Deliberating the Go-Go’s Vacation on its 35th Anniversary

After a six-week run atop Billboard’s 200 album chart with the multi-platinum debut album Beauty and the Beat, all-girl rock group the Go-Go’s hurriedly released the follow-up sophomore effort, Vacation. Echoes of previous singles “We Got the Beat” and “Our Lips Are Sealed” could still be heard across radio airwaves when “Vacation” became the band’s third hit single in the summer of ’82. The bubbly title track was the first-ever cassette single and was accompanied by its vivid and playful music video, which revealed the band members hamming it up while pretending to be highly skilled water skiers.

The Go-Go’s second studio album started off strong, but inspiration seemed as if had been stretched thin in order to quickly release a follow-up to the band’s best-selling debut. Leftovers from the Go-Go’s earlier live setlists unfortunately found their way onto the sophomore effort, effectively diluting what could’ve been a solid track listing. The obligatory cover tune “Cool Jerk” and the subpar “Beatnik Beach” sounded like fillers included to expand upon the album’s abstract beach theme. It resulted in making the Go-Go’s second album sound as if the girls had been left scrambling for quality material. Additionally, Jane Wiedlin’s heavy reliance on Webster’s rhyming dictionary (as evidenced on “Girl of 100 Lists” and “It’s Everything but Partytime”) certainly didn’t help matters. Fortunately, Kathy Valentine was aptly able to pick up her cronies’ slack by contributing the effervescent title track, the accidently prophetic “We Don’t Get Along” and the ethereal closing ballad, “Worlds Away.” [Read Full Review]

Go-Go’s: Beauty and the Beat (30th Anniversary Edition)

It was during the days of big hair, John Hughes movies, and hanging out at the mall when five feisty beauties called the Go-Go’s became America’s sweethearts. Fronted by lead singer Belinda Carlisle and anchored by key songwriters Jane Wiedlin and Charlotte Caffey, their debut album was an important breakthrough for women in music. The multi-platinum Beauty and the Beat was the first number one album written and performed by an all-female group. It’s now been remastered and expanded into a 2-disc set (and pink vinyl) to celebrate its 30th anniversary.

Beauty and the Beat, one of the 1980s cornerstone albums of American new wave, was both groundbreaking and inspired. Yielding the hits “Our Lips Are Sealed’ and “We Got The Beat,” this seminal recording has never sounded better than here on this new remaster, which manages to breathe new life into these songs no matter how many times you’ve listened to them.

“Can you hear them/They talk about us/Telling lies, well that’s no surprise,” sang Carlisle in “Our Lips Are Sealed,” which could be heard blasting from every car stereo during the summer of 1981. That breakthrough hit was soon followed up by “We Got The Beat,” which became the group’s most successful song and spent three weeks at number two on the U.S. hot 100. The classic 80s anthem’s lyrics “See the kids just getting out of school/They can’t wait to hang out and be cool,” left an indelible impression on pop culture.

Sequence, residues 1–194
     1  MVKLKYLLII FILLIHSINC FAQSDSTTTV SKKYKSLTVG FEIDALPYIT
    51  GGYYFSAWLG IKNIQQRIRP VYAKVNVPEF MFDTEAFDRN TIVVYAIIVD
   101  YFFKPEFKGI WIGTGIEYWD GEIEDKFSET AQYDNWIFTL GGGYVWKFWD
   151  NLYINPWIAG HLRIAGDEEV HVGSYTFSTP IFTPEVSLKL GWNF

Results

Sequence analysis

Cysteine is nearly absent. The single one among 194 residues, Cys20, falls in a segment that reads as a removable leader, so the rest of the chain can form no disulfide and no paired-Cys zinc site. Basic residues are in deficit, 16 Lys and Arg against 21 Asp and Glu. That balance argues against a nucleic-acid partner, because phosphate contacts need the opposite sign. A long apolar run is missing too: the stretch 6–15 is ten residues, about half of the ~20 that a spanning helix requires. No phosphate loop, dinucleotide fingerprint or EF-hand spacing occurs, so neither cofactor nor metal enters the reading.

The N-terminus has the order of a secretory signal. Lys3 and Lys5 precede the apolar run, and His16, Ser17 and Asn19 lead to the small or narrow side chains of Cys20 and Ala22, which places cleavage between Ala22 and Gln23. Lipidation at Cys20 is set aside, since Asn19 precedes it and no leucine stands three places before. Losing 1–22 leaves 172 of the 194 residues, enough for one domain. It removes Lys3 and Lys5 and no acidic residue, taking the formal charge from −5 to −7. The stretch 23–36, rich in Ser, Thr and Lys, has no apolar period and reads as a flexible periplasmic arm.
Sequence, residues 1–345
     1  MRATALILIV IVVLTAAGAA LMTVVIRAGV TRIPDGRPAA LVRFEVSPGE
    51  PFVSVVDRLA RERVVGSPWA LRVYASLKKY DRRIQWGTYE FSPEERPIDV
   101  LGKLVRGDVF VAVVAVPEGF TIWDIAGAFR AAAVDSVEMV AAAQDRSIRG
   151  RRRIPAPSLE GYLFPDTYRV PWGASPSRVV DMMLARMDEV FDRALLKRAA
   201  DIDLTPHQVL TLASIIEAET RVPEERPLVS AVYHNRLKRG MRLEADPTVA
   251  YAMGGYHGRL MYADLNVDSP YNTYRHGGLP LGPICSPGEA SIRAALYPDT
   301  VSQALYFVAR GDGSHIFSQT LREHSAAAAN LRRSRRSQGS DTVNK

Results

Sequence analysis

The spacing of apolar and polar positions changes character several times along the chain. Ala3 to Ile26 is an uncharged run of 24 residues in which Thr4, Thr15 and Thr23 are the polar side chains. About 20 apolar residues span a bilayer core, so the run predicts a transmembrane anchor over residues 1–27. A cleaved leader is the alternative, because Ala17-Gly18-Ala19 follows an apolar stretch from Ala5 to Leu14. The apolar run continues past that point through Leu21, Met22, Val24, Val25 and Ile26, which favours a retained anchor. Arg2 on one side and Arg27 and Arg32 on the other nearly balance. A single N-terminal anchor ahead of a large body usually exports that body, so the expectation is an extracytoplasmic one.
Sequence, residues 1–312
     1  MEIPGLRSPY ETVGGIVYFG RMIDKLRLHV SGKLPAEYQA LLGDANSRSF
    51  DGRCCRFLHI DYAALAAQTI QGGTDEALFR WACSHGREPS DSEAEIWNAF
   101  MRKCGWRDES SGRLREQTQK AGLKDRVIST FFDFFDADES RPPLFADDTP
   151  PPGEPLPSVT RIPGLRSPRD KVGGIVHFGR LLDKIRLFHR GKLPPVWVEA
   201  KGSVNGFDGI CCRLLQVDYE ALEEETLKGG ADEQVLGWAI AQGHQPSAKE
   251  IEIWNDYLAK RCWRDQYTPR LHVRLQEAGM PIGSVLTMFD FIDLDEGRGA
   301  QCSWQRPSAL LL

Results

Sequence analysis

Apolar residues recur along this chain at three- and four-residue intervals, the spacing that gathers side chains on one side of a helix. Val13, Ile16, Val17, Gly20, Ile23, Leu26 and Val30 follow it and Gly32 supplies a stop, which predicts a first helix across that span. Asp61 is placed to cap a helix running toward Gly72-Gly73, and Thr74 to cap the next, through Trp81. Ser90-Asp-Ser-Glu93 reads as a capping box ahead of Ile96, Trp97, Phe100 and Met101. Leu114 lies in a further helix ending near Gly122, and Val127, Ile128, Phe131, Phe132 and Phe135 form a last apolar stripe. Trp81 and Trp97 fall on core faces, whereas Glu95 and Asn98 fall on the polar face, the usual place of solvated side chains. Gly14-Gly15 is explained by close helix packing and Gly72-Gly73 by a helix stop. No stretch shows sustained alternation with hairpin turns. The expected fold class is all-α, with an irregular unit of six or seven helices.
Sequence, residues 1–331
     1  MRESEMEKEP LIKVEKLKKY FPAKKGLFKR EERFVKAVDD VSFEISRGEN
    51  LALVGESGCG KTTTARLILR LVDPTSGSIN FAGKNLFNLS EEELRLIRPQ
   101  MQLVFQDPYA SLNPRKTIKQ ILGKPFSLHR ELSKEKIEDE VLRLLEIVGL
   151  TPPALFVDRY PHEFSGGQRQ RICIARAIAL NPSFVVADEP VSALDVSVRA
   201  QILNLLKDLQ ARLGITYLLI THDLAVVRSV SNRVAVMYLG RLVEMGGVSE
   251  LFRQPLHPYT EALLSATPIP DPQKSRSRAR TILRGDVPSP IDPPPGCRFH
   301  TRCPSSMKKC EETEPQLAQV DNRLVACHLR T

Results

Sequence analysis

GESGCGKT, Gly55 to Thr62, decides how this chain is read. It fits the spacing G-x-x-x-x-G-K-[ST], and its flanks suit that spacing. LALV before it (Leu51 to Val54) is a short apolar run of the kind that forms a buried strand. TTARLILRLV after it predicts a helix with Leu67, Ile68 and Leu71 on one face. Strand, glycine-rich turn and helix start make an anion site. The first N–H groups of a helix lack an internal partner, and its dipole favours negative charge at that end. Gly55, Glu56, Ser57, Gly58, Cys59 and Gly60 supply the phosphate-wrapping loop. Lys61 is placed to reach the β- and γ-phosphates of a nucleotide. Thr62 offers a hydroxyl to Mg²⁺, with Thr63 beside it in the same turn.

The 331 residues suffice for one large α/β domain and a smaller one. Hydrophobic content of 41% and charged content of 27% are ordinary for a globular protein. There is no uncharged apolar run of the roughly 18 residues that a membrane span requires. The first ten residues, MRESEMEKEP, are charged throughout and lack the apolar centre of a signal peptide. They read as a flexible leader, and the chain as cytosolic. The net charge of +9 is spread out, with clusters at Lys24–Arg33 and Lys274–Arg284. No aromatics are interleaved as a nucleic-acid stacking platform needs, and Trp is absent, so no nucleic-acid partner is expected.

The Go-Go’s magic relied on the masterful blending of upbeat melodies, catchy hooks, and background harmonies layered upon sad lyrics, while delivered with undeniable attitude. “Get dressed up and messed up/Blow our cares away/We rule the streets tonite/Until the morning light,” declares Carlisle with energetic angst during the frenetic “Tonite.” Carlisle gets right into your face as she sings “Change the lines that were said before/We’re all dreamers, we’re all whores/This town is our town, it is so glamorous/Bet you’d live here if you could and be one of us,” with an undeniable aggressiveness during the Hollywood ode “This Town.”

This newly released 2-disc set gives fans a chance to hear both sides of the group: the raw energy and post-punk edginess of their live performances never captured on their studio recordings, as well as the smoothed out pop-gloss sound most associated with the band. Disc one is comprised of the full remastered album, while the second disc contains a previously unreleased live concert from 1981. The live disc includes songs that have never appeared on any Go-Go’s album, in addition to an early version of the hit single “Vacation,” complete with alternate lyrics that differ greatly from the well-known recorded version.

The anniversary edition of Beauty and the Beat shows this album still holds up surprisingly well thirty years later, which is a testament to the energetic spirit captured in this musical zeitgeist of the 80s. Unfortunately, it also serves as a reminder that the Go-Go’s were never able to equal or surpass the success of this landmark debut with the band’s subsequent releases. Their beauty may have faded over the years, but their beat still sounds almost as timeless today on this seminal 80s album as it did thirty years ago.

© 2011 ForASong Media, LLC